Yalda Afshar, MD, on avoiding burnout

April 20, 2021
Lindsey Carr

Associate Editor for Contemporary OB/GYN

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Yalda Afshar, MD, PhD
Yalda Afshar, MD, PhD

Assistant Professor, Maternal-Fetal Medicine, Department of Obstetrics and Gynecology

Contemporary OB/GYN®’s Associate Editor, Lindsey Carr, sat down with board member Yalda Afshar, MD, PhD, to discuss mental health and burnout in ob/gyn.

“Whenever I get worried, I always think about a quote from a mentor (Beth Karlan, MD, PhD). She always reminds us, ‘Never worry alone.’ That is so true in some of the toughest clinical and surgical cases we get into. It comes in handy during some of the darkest moments in medicine, whether it is patient care related or not. Lean on your chosen family and community; always. Then be a pillar for them,” says Yalda Afshar, MD, on ways to avoid burnout and preserve mental wellbeing.

Contemporary OB/GYN®’s Associate Editor, Lindsey Carr, sat down with board member Yalda Afshar, MD, PhD, to discuss mental health and burnout in ob/gyn.

Afshar is an Assistant Professor and Maternal-Fetal Medicine Specialist in the department of Obstetrics and Gynecology at the University of California, Los Angeles in Los Angeles, California.

Q: Dr. Afshar, I wanted to get your perspective on wellbeing and mental health in healthcare right now. Vaccines are out the pandemic is not over. You are a new mother (congratulations!) and an ob/gyn at one of the busiest hospitals in the country. How do you maintain a healthy work-life balance?

A: It really has to do with coming back to a sense of purpose. Having a purpose, I think, is inspiring. It helps attenuate burnout; it helps inspire. And then really just having a community, whatever that community may be. If it's in the workplace, if it is at home, if it's friends, if it's virtual, just some place that you can be vulnerable, really, I think helps me at least stay focused.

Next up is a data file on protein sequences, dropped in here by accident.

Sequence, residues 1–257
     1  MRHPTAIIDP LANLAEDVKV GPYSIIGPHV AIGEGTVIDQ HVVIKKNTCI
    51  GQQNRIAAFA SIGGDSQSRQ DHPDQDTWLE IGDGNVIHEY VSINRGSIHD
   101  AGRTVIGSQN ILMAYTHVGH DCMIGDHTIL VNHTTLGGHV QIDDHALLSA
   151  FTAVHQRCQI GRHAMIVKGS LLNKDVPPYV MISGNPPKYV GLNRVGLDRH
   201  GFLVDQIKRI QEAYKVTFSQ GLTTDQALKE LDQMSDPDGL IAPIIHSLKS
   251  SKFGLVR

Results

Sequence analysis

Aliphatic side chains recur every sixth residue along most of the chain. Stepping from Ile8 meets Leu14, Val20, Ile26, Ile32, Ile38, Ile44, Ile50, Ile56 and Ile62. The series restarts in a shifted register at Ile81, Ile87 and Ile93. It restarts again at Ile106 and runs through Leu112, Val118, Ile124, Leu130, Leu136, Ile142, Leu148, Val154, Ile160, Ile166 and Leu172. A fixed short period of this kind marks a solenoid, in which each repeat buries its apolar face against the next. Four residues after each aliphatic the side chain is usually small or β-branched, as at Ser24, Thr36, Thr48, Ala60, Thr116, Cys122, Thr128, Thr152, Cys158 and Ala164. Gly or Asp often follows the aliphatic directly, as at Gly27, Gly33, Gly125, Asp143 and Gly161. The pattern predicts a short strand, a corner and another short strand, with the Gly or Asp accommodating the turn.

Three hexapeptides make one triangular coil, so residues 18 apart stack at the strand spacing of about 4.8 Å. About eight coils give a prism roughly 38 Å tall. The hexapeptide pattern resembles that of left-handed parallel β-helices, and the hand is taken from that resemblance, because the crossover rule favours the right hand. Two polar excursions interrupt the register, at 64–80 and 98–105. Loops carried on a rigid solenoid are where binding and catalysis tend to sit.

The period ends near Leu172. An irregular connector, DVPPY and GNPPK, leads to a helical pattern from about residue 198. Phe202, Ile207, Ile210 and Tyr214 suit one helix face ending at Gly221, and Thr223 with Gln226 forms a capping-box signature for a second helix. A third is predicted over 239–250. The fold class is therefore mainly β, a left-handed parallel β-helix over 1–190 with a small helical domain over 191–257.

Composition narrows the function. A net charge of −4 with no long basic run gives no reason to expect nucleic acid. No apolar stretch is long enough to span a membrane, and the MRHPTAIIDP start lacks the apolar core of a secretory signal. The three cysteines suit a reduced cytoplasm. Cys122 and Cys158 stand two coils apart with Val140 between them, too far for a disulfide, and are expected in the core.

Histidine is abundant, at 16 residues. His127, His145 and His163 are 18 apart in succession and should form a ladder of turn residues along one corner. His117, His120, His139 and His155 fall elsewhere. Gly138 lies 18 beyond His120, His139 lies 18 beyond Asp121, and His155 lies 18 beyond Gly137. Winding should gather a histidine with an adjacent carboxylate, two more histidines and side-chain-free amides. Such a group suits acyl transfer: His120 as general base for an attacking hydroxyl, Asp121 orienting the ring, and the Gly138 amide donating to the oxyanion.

And a lot of my community are other scientists, other physician moms, and really, friends and family. So define your community, be at your actual family, your chosen family, and then stay in touch with them. Because I think that helps all of us while maintaining that sense of intent and purpose.

Q: With that, have you found it difficult to avoid burnout or that your foundation is pretty solid?

A: I think having a diversity of work. And it could be work in the workplace work at home. I avoid burnout by diversity in what I do. I spend most of my time you know, in research, but when I'm in clinical, mixing it up to teach, to ask questions to do research. And I think that helps avoid burnout, and then really getting inspired by areas that you feel weakened when there's no data push forward and asking questions. And that really helps me.

Q: Absolutely. So what advice would you give to new ob gyn struggling with burnout during the pandemic?

A: Remember yourself as that pre-med student. [Remember] your personal statement you wrote for medical school, and why you went into it in the first place. I do have this drawer where I keep notes from patients, and, on days that are really tough, it inspires me to look at those and read them. I spend a little extra time with the people that we get to take care of hear their stories and I think just humanizing the process. There's nothing that's inspiring about medical records and charting. But remember, that’s just a little part of it. Being with a patient, just that tangible part of medicine. Bringing it back sometimes is really the best way to avoid burnout.

Q: Is there anything else you would like to add?

A: Talking to others, you know; we are all going through it. Some days are worse, some hours are worse. Just communicate with your colleagues and families. Especially when you’re really down. There’s always help and resources available if it becomes such and you need to talk to others.